Brian Haberlin’s Lighthouse is now out in collected trade paperback and Kindle ebook. It’s a fine science-fiction graphic novel when you put all the issues together. The adaptation of Jules Verne’s The Lighthouse At The End of the World (1905) is fairly loose, and transfers the setting into the far-future and remote space. But the story grips right to the end.
A couple of the initial reviews of the first issue, by fly-by comics critics who have not returned to review the full run, were a bit sniffy and grudging. But I found Lighthouse great fun when read together as one completed graphic novel. It’s a little talky near the beginning, and you have to suspend disbelief. But it’s a good story, well told.
The art is made with the aid of Poser, which I suspect may have put a dampener on some reviews of #1.
In contrast, the one amateur reviewer who made it as far as issue #4 noted, in a long and positive review…
The interiors here are mindbogglingly gorgeous. I love seeing how detailed and extraordinary computer artwork can be nowadays. The linework is exquisite, and the varying weights and techniques being used to create this level & quality of detailed work are astonishingly brilliant. The use of backgrounds [and their creation of a] sense of scale and overall sense of size and scope is phenomenal.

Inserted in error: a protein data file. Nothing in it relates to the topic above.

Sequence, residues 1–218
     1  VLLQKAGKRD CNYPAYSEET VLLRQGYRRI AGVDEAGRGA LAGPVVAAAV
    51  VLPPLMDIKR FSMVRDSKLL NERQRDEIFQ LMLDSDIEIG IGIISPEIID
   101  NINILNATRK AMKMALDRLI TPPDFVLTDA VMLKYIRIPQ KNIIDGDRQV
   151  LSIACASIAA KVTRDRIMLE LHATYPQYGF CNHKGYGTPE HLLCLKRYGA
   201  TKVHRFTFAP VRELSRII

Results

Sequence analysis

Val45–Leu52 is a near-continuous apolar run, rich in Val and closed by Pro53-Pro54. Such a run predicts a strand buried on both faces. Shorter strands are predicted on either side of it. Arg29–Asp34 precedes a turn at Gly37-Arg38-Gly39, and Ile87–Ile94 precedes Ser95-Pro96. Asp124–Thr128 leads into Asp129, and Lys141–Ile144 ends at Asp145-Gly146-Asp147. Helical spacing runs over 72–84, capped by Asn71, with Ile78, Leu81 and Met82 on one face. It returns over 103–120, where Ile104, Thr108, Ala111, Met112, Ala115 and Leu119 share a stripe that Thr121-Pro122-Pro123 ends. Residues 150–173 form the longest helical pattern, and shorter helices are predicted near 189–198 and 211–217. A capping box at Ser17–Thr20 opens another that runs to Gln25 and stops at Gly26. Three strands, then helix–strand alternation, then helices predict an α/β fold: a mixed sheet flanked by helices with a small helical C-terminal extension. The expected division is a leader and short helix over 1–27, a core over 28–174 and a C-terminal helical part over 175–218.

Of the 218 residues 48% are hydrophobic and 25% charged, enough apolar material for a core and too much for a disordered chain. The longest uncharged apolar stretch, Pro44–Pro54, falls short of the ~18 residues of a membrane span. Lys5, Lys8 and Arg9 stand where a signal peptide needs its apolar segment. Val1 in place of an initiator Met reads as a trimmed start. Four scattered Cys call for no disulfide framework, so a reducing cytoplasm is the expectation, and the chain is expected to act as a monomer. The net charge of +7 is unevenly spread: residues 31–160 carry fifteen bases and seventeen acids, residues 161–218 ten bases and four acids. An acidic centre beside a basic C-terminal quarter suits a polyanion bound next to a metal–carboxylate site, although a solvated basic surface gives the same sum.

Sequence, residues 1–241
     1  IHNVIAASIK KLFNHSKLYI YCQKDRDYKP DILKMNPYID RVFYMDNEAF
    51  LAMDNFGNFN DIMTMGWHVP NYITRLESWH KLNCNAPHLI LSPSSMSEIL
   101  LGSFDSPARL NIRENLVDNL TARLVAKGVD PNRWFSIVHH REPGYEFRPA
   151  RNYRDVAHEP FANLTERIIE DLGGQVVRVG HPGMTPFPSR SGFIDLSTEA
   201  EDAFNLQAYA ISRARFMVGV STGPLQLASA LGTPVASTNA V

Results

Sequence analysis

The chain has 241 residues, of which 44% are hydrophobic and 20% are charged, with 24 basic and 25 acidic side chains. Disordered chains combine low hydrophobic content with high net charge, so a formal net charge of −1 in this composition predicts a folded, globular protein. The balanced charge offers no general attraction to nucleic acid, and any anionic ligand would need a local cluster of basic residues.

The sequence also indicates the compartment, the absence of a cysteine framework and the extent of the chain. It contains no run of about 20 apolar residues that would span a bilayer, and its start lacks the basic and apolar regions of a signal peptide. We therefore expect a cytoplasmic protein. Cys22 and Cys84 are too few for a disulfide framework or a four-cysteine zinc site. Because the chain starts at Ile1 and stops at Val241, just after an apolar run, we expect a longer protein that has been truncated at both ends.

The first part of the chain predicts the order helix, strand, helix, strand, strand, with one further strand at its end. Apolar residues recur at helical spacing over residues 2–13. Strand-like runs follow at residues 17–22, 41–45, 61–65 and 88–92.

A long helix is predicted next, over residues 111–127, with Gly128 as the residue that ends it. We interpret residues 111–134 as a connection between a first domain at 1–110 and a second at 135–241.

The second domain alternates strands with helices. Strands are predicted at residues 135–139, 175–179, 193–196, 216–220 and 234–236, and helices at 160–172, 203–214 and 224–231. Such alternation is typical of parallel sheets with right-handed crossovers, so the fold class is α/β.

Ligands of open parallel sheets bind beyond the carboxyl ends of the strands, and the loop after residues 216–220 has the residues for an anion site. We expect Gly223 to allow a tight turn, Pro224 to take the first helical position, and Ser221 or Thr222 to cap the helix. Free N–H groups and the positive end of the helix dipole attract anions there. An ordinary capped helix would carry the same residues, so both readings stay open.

That said, be warned that you might be put off by the trade paperback’s half-hearted front-cover. It seems as though the publisher for some reason wanted potential buyers to think it’s set at sea and underwater. On the website the additional background graphic also implies it’s a historical adaptation of Verne. It isn’t either.
There’s currently one short review of the October 2021 trade paperback, from poet Bernie Gourley, and he was pleased with the quality of the story…
I found the story compelling. The source premise of being far from help and at a severe disadvantage is thrilling.
I looked long and hard for proper reviews that stepped beyond a glance at #1. There are none from publications, though the couple of amateur reviewers (see above) are positive. It’s a bit sad that a comic of this scope and quality (not to mention technical innovation) can be all-but ignored by the comics establishment. But that is what seems to have happened here.